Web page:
I love vacationing in Jamaica! The Rui Negril is the best. This year we were celebrating Anita's Birthday. It was a big one. Wink, wink.
|All white party for the birthday celebration|
Anyway, it was a great time to enjoy family and friends on the beach with a glass of rum punch, sunglasses, and a less than classic fiction novel. It was great. One of the many great things about vacationing in Jamaica is the Rui Negril Resort (all inclusive). No worries about food, drink, or entertainment. There are three great restaurants on the property (reservations only) and the huge family banquet restaurant. There is also daily jerk chicken meals on the beach from 12:00 to 2:00pm, two pool bars available to serve your favorite tropical drinks, and in every room there is a personal bar stocked with rum, soda, and water.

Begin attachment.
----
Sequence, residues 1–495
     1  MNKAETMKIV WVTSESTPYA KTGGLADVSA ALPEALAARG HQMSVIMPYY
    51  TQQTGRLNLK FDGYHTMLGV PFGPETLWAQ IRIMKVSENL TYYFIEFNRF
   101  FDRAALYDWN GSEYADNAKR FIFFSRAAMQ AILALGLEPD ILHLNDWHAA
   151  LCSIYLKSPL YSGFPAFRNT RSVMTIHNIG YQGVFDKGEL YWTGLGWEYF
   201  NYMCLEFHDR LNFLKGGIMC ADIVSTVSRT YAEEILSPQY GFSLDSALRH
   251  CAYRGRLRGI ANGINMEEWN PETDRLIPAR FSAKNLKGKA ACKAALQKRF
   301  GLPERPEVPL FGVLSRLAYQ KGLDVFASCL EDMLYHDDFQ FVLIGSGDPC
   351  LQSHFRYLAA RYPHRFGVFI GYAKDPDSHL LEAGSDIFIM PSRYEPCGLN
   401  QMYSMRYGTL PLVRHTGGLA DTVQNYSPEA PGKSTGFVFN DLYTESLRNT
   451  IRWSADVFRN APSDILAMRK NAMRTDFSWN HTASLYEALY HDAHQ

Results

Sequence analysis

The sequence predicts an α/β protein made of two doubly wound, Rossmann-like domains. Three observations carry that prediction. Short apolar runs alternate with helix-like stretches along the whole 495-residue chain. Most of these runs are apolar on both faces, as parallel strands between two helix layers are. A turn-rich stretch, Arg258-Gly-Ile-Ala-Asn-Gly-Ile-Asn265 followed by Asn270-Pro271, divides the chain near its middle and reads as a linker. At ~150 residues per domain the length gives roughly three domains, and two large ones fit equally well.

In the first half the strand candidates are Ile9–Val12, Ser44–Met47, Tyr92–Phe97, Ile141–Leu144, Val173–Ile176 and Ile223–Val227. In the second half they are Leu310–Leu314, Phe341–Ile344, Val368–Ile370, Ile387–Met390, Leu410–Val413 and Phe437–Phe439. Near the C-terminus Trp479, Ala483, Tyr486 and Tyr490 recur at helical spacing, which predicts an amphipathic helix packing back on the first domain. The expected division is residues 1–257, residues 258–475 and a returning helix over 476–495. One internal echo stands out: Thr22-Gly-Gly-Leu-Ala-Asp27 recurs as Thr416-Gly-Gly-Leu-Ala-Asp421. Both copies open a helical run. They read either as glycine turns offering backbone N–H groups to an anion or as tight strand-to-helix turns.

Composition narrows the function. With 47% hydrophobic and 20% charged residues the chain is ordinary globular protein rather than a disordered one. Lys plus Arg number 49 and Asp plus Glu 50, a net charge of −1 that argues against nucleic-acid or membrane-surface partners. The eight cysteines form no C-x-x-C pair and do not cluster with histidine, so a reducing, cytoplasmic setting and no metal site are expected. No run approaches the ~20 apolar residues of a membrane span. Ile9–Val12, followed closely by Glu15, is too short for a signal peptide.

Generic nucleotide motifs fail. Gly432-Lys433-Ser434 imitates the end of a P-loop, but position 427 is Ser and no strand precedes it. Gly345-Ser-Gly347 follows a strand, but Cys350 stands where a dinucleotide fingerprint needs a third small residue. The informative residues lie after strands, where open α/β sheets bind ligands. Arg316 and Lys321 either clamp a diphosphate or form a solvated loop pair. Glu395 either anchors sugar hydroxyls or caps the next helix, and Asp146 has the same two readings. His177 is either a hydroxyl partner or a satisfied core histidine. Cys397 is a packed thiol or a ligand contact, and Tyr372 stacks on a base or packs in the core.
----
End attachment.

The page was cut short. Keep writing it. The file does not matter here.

|My meal at the steak house|
|Jerk Chicken Pit|
|Fruit bar in the main dining area|
Every night at the pavilion there is a show or band performance for your pleasure. The entertainment team is spectacular, always engaging and hosting the beach and pool side activities. Then at night, they are the main event or the prelude to the musical attraction. The wait staff is impeccable. Always smiling and ready to serve. Some looked so young. One day I asked one of the young ladies her age. She looked no more than 16; her response was 22 years old. She had just completed her college education in food services.